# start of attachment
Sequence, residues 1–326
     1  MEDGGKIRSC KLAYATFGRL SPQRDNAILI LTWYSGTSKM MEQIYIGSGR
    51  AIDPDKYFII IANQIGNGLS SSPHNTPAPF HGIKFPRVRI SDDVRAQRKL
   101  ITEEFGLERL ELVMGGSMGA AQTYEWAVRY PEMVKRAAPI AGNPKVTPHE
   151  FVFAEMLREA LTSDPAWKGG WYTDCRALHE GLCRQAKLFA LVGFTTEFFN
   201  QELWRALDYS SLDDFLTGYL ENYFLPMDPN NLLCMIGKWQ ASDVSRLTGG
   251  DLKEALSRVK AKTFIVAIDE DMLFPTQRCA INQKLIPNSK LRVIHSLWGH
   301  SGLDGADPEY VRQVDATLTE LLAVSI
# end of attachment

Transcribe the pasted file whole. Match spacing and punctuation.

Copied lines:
Sequence, residues 1–326
     1  MEDGGKIRSC KLAYATFGRL SPQRDNAILI LTWYSGTSKM MEQIYIGSGR
    51  AIDPDKYFII IANQIGNGLS SSPHNTPAPF HGIKFPRVRI SDDVRAQRKL
   101  ITEEFGLERL ELVMGGSMGA AQTYEWAVRY PEMVKRAAPI AGNPKVTPHE
   151  FVFAEMLREA LTSDPAWKGG WYTDCRALHE GLCRQAKLFA LVGFTTEFFN
   201  QELWRALDYS SLDDFLTGYL ENYFLPMDPN NLLCMIGKWQ ASDVSRLTGG
   251  DLKEALSRVK AKTFIVAIDE DMLFPTQRCA INQKLIPNSK LRVIHSLWGH
   301  SGLDGADPEY VRQVDATLTE LLAVSI